"The key for this project to achieve lasting effectiveness is to make an impact on the adults who structure the environments where children spend time; for this study these are the parents and troop leaders," he said. "Both these sets of adults need to recognize that getting sufficient physical activity is essential for the children's health and for their own health."


'/>"/>

Contact: Richard Rosenkranz
ricardo@k-state.edu
785-532-0152
Kansas State University
Source:Eurekalert

Related biology news :

1. Researchers to reveal agings origins on global stage
2. Researchers observe single protein dimers wavering between two symmetrically opposed structures
3. Caltech researchers explore how cells reconcile mixed messages in decisions about growth
4. U-M researcher and colleagues predict large 2009 Gulf of Mexico dead zone
5. UNH researcher receives presidential environmental award
6. UC Davis researchers visualize formation of a new synapse
7. UBC researchers develop new method to study gambling addictions
8. UCLA cancer researchers develop model that may help identify cancer stem cells
9. Researchers from around the globe coming to K-State June 21 for workshop on Fusarium fungus
10. Duke, Harvard researchers to monitor bonobo reintroduction
11. Rice University researchers ask if biofuels will lead to a drink or drive
Post Your Comments:
*Name:
*Comment:
*Email:
(Date:5/24/2016)... care by providing unparalleled technology to leaders of the medical imaging industry.  As such, ... to the range of products distributed by Ampronix. Photo - http://photos.prnewswire.com/prnh/20160524/371420 ... ... ... With ...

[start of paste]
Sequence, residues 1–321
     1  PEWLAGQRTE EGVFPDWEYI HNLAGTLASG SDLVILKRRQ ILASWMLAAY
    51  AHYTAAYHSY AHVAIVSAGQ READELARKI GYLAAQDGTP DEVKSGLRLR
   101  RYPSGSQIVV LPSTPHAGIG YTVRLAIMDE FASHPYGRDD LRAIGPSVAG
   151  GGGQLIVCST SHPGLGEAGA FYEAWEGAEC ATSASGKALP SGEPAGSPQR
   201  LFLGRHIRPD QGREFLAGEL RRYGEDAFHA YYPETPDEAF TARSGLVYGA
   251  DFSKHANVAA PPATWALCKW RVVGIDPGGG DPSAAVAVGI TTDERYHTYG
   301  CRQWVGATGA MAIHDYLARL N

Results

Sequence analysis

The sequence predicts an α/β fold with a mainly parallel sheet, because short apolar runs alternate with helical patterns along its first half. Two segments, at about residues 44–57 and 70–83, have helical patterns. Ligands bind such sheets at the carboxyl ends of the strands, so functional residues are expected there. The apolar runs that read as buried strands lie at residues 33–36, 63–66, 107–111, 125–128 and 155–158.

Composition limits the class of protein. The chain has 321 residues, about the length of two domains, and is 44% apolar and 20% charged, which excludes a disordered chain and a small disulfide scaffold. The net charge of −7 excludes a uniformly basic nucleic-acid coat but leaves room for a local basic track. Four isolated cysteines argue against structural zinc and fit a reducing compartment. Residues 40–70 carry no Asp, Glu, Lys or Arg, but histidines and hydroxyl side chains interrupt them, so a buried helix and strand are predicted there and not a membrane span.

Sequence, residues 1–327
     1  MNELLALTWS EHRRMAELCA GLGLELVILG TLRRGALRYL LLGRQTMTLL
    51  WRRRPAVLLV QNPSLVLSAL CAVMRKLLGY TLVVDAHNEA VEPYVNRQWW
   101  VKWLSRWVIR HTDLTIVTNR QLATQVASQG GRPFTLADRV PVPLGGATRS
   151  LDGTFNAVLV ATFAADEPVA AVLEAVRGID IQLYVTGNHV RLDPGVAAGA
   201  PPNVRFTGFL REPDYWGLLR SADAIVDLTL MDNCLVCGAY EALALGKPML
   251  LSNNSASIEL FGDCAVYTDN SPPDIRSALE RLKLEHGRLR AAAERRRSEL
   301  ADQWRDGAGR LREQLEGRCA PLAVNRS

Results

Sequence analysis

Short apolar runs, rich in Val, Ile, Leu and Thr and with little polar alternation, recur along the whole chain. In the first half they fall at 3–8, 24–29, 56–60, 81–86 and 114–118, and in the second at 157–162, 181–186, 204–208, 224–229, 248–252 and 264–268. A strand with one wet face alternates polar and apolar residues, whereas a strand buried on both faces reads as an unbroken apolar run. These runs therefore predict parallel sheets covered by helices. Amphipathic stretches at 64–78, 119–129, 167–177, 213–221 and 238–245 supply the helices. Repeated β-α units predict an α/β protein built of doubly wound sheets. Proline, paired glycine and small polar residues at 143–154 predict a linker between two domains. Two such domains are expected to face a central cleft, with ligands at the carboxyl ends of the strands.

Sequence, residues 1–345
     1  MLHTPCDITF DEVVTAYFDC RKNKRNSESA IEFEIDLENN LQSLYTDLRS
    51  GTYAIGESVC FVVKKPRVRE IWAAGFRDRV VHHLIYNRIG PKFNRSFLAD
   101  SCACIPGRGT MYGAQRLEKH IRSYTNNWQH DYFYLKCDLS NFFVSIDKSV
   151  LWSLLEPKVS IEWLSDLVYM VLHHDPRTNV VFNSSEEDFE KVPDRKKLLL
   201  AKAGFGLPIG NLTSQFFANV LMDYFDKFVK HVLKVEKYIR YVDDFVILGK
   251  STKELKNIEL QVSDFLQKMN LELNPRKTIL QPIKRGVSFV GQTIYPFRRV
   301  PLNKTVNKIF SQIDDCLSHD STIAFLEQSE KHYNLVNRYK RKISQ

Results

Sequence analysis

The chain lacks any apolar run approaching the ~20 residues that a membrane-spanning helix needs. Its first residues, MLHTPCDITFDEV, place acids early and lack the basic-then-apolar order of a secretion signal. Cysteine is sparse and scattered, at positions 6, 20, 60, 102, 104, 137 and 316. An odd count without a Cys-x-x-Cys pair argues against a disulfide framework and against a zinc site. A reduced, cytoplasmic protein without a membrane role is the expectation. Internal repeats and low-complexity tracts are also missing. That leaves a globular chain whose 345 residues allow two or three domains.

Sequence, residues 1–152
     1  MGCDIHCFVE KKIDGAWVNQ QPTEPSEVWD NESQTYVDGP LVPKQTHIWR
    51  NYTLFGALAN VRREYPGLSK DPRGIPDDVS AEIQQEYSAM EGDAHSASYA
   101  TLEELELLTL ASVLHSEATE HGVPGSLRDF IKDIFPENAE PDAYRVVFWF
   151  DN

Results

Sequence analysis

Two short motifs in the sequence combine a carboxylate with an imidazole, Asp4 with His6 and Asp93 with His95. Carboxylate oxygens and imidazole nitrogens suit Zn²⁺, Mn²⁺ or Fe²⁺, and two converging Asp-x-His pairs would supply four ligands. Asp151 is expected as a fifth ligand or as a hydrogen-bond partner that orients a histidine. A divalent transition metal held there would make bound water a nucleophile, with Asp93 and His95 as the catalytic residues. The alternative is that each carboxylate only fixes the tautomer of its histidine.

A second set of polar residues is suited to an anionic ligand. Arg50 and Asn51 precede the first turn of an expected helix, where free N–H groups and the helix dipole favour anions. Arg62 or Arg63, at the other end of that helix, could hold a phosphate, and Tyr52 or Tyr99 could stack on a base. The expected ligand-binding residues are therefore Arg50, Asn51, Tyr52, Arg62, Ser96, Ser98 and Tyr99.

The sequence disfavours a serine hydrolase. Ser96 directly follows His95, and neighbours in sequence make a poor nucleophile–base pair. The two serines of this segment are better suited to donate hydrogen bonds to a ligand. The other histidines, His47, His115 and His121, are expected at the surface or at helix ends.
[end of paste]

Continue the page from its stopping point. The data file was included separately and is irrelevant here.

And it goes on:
(Date:5/9/2016)... , UAE, May 9, 2016 ... it comes to expanding freedom for high net worth ... Even in today,s globally connected world, there is still ... system could ever duplicate sealing your deal with a ... second passports by taking advantage of citizenship via investment ...
(Date:4/26/2016)... LONDON , April 26, 2016 /PRNewswire/ ... Systems, a product subsidiary of Infosys (NYSE: ... partnership to integrate the Onegini mobile security platform ... http://photos.prnewswire.com/prnh/20151104/283829LOGO ) The integration ... security to access and transact across channels. Using ...
Breaking Biology News(10 mins):
(Date:6/27/2016)...   Ginkgo Bioworks , a leading organism ... today awarded as one of the World Economic ... most innovative companies. Ginkgo Bioworks is engineering biology ... world in the nutrition, health and consumer goods ... customers including Fortune 500 companies to design microbes ...
(Date:6/24/2016)... ... June 24, 2016 , ... While the majority of commercial spectrophotometers and ... and the 6000i models are higher end machines that use the more unconventional z-dimension ... light beam from the bottom of the cuvette holder. , FireflySci has developed ...
(Date:6/23/2016)... ... June 23, 2016 , ... ... to announce the launch of their brand, UP4™ Probiotics, into Target stores nationwide. ... years, is proud to add Target to its list of well-respected retailers. This ...
(Date:6/23/2016)... 2016 A person commits a crime, and the ... track the criminal down. An outbreak of foodborne ... Administration (FDA) uses DNA evidence to track down the bacteria ... far-fetched? It,s not. The FDA has increasingly used a complex, ... foodborne illnesses. Put as simply as possible, whole genome sequencing ...
Breaking Biology Technology: